The pathway that eradicates damaged mitochondria begins with a process called ubiquitylation. is a small that modifies other proteins in many aspects of biology, including the response to damage that ultimately ends in ridding the cell of such waste. Understanding the sites of modification in target proteins is a key step in elucidating the role of ubiquitin in specific pathways, but this has been a technically challenging area of research. The Gygi and Harper labs recently developed a mass spectrometry-based proteomic methodology to identify ubiquitylation sites in target proteins, potentially on a global scale, and in the current study extended this to the PARKIN system.

Resculpting the mitochondrial proteome

"Identifying actual sites of ubiquitylation provides us not only a visual way to look at the structure and mechanisms of how the PARKIN system works, but it also gives you the potential in the future to make reagents that will let you look in tissue of the brain, for example, and determine whether the pathway is on or off," said Harper.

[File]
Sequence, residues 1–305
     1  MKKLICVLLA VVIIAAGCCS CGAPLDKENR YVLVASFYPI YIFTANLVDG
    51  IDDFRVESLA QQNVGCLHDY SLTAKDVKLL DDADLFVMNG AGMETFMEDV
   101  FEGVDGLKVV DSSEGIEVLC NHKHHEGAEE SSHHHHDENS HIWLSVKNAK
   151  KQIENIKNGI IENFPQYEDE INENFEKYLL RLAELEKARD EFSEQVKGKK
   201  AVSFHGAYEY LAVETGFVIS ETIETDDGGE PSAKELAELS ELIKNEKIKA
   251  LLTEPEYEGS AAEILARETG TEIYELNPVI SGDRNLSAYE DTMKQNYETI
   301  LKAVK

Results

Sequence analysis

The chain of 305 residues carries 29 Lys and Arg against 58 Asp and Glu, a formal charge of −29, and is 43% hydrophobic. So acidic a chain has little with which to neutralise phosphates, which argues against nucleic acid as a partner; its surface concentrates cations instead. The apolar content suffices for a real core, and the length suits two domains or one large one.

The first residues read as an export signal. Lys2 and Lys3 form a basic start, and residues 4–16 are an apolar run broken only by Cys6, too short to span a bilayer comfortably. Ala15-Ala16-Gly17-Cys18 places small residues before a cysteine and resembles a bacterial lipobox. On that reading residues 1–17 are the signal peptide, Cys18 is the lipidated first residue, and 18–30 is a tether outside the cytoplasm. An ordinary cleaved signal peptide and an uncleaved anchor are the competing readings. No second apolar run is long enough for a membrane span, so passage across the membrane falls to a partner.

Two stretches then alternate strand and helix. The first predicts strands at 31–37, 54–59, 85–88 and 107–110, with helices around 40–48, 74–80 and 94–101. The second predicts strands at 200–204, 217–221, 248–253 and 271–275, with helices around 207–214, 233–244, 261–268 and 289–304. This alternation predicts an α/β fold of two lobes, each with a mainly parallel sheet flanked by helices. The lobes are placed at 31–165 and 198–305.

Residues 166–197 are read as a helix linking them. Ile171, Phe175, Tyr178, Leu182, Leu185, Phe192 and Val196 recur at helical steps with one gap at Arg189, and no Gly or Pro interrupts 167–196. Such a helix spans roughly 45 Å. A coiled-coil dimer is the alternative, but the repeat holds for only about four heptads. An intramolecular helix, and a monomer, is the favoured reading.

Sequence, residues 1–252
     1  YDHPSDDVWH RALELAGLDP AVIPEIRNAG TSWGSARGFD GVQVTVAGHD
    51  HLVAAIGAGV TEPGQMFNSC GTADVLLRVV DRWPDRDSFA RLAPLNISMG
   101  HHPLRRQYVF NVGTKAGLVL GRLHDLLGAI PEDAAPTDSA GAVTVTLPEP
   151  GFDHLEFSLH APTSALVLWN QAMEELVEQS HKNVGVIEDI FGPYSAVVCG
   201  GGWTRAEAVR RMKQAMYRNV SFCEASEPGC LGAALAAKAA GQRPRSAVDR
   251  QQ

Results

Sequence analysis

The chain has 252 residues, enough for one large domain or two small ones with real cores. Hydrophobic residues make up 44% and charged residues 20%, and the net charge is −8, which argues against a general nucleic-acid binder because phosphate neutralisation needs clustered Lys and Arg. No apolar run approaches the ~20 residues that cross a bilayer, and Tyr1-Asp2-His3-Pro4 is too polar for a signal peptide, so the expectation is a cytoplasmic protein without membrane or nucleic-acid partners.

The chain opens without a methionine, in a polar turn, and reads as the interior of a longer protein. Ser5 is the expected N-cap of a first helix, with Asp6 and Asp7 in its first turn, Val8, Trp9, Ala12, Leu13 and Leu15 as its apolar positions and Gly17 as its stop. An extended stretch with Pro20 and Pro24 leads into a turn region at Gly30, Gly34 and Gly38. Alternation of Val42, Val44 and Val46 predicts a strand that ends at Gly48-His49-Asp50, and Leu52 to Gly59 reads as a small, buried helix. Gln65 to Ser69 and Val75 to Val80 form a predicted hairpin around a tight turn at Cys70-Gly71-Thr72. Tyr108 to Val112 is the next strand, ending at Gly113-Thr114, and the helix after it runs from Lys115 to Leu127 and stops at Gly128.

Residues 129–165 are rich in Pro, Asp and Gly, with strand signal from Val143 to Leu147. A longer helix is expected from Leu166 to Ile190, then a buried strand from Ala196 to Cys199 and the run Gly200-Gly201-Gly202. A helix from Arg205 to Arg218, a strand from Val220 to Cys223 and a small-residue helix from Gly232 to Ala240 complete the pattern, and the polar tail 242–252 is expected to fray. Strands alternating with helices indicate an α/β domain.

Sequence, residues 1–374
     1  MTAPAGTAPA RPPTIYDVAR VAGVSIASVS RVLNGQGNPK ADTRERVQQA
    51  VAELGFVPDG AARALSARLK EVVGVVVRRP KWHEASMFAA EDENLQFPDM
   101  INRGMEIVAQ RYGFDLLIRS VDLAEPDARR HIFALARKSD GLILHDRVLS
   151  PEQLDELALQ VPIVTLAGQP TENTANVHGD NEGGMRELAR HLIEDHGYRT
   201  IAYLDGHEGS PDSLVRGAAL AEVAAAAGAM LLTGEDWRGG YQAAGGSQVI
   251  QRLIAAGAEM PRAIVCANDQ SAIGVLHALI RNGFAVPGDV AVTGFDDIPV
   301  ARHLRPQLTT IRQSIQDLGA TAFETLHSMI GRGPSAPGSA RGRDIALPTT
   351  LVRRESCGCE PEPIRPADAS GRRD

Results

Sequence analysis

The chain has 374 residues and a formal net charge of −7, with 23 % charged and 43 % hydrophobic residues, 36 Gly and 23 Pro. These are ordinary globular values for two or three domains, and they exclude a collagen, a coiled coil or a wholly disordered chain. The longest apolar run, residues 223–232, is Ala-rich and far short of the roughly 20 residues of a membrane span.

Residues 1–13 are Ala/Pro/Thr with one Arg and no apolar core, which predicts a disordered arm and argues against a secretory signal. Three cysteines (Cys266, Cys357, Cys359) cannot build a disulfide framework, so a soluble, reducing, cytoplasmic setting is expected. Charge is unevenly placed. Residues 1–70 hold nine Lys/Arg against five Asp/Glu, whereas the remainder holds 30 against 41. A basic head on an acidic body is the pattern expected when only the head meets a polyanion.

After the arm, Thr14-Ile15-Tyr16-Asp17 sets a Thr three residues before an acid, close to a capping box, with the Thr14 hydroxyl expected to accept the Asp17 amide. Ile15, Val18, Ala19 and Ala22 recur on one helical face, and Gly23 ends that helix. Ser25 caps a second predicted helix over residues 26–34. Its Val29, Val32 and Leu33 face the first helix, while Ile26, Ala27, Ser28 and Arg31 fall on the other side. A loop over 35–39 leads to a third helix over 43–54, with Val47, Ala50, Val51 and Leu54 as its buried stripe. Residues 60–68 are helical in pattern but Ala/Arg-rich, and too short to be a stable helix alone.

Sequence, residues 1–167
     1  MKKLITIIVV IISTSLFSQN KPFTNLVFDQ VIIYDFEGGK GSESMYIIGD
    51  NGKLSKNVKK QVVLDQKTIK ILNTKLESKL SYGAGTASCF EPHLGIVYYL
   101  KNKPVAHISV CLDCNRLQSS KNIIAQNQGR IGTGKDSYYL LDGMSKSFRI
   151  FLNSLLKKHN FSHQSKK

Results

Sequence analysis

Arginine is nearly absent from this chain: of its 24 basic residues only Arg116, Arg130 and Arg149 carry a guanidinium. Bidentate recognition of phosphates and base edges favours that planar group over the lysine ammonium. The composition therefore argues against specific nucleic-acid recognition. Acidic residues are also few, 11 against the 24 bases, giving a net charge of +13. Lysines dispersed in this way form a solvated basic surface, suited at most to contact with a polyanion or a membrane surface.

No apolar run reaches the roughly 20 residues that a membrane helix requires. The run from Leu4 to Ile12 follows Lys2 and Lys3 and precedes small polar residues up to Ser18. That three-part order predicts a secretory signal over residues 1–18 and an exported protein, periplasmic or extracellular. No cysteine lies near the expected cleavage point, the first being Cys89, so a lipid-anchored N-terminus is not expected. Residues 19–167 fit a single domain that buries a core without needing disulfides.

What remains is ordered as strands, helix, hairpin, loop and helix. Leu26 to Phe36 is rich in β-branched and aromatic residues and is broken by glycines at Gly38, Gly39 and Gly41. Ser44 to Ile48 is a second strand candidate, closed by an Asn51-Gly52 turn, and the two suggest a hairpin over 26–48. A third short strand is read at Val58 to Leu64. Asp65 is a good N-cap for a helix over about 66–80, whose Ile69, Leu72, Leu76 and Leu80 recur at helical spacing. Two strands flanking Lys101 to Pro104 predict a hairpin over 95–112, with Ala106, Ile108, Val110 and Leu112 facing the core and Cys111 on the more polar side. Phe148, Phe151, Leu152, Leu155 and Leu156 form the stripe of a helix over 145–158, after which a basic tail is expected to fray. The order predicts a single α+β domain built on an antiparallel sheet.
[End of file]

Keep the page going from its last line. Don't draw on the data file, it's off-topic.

In defining the near complete repertoire of PARKIN substrates—which they call the PARKIN-dependent ubiquitylome—the researchers reveal how the structure and function of the mitochondrial proteome is resculpted by PARKIN. Indeed, their work identified hundreds of ubiquitylation sites on dozens of proteins.

While this contribution does not have immediate clinical implications, it does serve as a key steppingstone toward a greater understanding of Parkinson's and perhaps other neurodegenerative diseases involving mitochondrial quality control. This challenging work is necessary before contemplating ways to somehow overcome defects in genes such as PARKIN.

"We want to be able to use the data to understand in more detail how is regulated and how it is activated and how it is capable of ubiquitylating a dizzying array of proteins on the mitochondrial surface," Harper said. "In addition, we also want to try to test the hypothesis that ubiquitylation of specific is critical for mitophagy."

Explore further: Why do neurons die in Parkinson's disease?